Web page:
Tale of the riverbank has new crunch decision date

Aylsham mill, where riverside land is at the centre of a long-running wrangle. Picture:ARCHANT LIBRA

Aylsham mill, where riverside land is at the centre of a long-running wrangle. Picture:ARCHANT LIBRARY - Credit: Colin Finch

A nine-year saga at a piece of riverside land next to Aylsham watermill is set for another key date next month.

Mill owners and the town council have been at odds over the site since 2004.

The mill owners have fenced off the land - which they do not own - to help them carry on restoring the building.

But the council wants to open it up for public recreation land. A previous bid to get it designated a village green failed at an inquiry in 2009, because of a technicality over the length of proven public usage.

But the town council is now seeking planning permission to use the Mill Row land for recreational activities, with a decision due to be taken at Broadland District Council planning committee on April 24.


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Town council members heard a plea, by letter, from one of the Mill owners Martine Spalding, to retain the fence as it was the best way of protecting the mill, where she said there were parking problems and 'evidence of alcohol consumption and drug abuse'.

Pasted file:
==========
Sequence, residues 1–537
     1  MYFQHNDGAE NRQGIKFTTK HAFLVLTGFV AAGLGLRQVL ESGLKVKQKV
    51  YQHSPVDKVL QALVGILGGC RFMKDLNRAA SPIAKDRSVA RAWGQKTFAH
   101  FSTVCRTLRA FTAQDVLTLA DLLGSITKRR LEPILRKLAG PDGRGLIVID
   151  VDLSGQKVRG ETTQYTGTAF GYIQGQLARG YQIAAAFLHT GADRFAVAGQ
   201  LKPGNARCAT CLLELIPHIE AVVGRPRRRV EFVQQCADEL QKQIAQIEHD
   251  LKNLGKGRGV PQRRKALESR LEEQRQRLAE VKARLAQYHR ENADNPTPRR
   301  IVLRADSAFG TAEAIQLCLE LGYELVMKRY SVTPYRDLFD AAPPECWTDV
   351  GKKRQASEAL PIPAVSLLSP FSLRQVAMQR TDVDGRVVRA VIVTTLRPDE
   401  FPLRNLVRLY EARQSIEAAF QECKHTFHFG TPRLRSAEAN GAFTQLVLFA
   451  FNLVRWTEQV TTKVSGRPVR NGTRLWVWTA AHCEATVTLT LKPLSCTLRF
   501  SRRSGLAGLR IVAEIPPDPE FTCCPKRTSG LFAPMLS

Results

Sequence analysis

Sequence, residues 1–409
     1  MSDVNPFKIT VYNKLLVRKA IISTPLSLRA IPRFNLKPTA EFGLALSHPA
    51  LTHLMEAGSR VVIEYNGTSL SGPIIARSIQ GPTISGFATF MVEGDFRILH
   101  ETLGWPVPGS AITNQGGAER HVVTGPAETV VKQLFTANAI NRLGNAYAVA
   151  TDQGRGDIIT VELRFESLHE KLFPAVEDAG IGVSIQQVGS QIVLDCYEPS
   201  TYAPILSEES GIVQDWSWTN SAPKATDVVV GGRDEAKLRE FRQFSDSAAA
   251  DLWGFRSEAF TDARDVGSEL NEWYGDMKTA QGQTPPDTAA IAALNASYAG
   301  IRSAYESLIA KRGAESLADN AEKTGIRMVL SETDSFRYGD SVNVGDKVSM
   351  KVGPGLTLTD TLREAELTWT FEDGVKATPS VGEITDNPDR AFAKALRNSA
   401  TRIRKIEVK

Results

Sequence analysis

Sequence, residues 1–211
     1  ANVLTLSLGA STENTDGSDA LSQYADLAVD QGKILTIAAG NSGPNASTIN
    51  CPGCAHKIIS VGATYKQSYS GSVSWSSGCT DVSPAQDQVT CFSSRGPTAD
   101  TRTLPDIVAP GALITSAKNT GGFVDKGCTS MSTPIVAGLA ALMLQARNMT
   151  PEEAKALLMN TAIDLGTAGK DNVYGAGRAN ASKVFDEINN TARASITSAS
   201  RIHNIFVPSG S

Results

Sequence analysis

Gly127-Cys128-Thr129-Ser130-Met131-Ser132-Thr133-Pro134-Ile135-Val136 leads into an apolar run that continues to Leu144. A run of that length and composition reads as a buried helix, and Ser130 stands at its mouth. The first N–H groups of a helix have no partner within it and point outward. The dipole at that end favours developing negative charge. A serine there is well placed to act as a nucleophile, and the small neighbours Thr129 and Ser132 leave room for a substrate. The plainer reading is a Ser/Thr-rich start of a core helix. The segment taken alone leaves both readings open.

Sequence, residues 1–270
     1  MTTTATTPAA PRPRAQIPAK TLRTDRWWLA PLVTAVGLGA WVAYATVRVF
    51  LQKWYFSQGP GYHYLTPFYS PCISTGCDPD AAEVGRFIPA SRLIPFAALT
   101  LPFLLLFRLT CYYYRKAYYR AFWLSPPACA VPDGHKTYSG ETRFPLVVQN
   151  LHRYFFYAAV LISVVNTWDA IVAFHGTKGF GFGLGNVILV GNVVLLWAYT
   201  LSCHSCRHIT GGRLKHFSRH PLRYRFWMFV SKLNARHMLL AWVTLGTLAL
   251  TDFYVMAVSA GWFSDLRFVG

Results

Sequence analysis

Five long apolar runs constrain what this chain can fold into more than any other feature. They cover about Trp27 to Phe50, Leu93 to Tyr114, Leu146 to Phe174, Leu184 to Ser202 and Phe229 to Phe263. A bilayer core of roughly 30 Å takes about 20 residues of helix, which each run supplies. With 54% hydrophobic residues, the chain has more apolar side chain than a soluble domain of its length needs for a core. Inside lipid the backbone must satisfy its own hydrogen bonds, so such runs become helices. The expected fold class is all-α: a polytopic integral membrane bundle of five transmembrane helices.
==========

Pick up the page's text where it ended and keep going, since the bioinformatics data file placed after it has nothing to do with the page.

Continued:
She said there was no right of public access to swim, fish or canoe, and questioned the need to spend more money on the saga rather than seek an amicable solution.

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Town councillor Liz Jones said: 'We have tried to negotiate for years to talk amicably but it all came to nought.

'It was an open space for years that has not caused any problems. We have all used it and are here to tell the tale,' she added.

Town, district and county councillor David Harrison said the nine-year-saga was all down to providing parking for the mill.

During public question time Ann Holman outlined fears the riverside area posed dangers because of deep mud and feared swimmers could be dragged into the mill workings.

But Susan Nicholls regretted the amount of dispute over the land which had been in public use for decades, where the river was normally only 'ankle or knee deep' and which was a 'very pleasant place to meet and converse.

And Ann Dyball said the area could provide a nice walk through a piece of Aylsham's industrial past.

Councillors agreed to press ahead with the recreation area plans but also to make one final attempt to negotiate.

After the meeting town clerk Mo Anderson-Dungar said the council could also look at possible compulsory purchase to settle the ownership issue.

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